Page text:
Informality remains widespread in South Asia. Being associated with low earnings and high vulnerability, informality is a major development issue. Yet, there is no consensus on its causes and consequences, with the debate polarized between a view that informality is a problem of regulatory evasion and should be eradicated, and another which equates informality with economic exclusion, blaming a small group of privileged insiders as the main cause for the backwardness of the informal outsiders.
These views are at odds with the heterogeneity observed among informal firms. Recent advances in analyzing informality as the outcome of firm dynamics in distorted economic environments can help reconcile them. Building on these advances, the approach adopted in this volume clarifies that there are different types of informality, with different drivers and consequences.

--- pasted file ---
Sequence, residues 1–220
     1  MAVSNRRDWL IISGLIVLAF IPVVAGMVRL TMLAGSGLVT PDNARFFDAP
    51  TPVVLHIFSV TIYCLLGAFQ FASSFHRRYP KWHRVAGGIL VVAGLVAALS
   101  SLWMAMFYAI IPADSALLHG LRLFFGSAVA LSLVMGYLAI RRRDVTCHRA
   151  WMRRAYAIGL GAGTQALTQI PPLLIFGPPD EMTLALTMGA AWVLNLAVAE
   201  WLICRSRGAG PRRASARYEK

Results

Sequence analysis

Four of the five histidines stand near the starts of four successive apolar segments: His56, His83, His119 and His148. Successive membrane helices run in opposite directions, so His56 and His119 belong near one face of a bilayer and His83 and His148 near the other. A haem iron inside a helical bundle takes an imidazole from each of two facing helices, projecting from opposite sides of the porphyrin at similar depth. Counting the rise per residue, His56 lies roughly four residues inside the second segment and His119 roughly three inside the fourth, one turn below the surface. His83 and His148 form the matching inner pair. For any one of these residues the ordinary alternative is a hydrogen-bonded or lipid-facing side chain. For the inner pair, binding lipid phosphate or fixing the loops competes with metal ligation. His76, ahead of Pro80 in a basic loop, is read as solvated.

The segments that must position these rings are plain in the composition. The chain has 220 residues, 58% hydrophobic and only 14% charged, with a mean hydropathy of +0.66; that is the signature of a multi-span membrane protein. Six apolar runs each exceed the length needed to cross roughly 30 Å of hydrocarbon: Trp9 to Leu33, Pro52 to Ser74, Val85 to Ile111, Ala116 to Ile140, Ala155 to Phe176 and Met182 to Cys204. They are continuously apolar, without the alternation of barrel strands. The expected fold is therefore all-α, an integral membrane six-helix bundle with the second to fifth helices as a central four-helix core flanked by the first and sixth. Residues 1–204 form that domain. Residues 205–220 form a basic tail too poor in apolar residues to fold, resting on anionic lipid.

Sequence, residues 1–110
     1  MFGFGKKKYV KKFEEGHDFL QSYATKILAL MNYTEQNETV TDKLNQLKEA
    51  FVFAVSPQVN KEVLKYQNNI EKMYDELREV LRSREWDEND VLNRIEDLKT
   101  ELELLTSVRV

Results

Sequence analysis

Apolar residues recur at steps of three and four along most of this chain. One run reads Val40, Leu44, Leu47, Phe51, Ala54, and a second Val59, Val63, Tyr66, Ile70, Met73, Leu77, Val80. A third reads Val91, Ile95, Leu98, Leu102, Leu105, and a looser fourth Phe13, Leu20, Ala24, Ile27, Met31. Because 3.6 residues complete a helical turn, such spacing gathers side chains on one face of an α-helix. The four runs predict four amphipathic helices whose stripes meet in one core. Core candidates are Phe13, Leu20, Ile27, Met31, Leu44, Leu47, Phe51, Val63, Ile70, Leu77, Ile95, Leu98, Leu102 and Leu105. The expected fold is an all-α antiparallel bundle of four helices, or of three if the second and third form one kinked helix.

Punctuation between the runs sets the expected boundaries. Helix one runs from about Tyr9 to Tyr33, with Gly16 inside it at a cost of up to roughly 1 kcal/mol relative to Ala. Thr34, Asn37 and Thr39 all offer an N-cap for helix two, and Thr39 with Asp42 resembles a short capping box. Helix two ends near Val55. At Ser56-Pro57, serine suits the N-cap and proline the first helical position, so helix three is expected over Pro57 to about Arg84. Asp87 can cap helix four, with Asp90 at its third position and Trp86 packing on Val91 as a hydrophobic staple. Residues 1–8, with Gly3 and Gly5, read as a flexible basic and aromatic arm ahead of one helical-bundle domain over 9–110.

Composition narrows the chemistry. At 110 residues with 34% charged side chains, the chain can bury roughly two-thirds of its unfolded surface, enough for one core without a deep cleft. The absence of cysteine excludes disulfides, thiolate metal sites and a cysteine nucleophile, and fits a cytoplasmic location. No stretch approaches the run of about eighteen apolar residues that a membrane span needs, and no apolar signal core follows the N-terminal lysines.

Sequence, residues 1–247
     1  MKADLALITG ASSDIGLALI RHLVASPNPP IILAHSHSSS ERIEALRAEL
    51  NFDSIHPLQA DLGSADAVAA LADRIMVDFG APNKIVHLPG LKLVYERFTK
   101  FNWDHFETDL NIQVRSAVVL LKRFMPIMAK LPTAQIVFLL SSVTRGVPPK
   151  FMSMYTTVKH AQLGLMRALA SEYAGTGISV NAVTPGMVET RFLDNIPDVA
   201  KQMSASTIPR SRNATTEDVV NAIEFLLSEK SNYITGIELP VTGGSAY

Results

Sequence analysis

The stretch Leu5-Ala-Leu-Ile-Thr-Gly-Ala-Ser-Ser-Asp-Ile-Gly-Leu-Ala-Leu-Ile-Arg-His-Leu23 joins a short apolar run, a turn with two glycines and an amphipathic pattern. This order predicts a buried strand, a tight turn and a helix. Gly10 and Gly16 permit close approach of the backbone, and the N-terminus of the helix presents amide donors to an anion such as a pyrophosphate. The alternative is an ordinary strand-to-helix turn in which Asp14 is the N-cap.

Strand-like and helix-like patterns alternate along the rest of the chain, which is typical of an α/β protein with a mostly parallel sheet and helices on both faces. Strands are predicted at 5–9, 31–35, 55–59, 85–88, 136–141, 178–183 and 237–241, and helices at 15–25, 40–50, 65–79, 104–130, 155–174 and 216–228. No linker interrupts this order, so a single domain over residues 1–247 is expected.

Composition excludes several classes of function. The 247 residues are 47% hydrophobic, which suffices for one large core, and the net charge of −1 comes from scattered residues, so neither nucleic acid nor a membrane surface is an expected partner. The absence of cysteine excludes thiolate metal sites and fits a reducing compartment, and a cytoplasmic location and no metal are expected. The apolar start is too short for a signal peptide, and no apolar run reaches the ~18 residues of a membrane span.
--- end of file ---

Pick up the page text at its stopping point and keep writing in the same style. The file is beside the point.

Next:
Using this approach, the papers in this volume revisit old questions about the relationship of informality to regulation and taxation, and also pose new ones, such as how digital technologies and multi-faceted policy designs can improve prospects in the informal sector. Rather than trying to identify a single major driver of informality and its associated silver bullet policy remedy, this volume presents new evidence on the heterogeneity of informality in South Asia and offers a guide to policy making by discussing how the effectiveness of interventions (taxation, education, investment) is affected by this heterogeneity.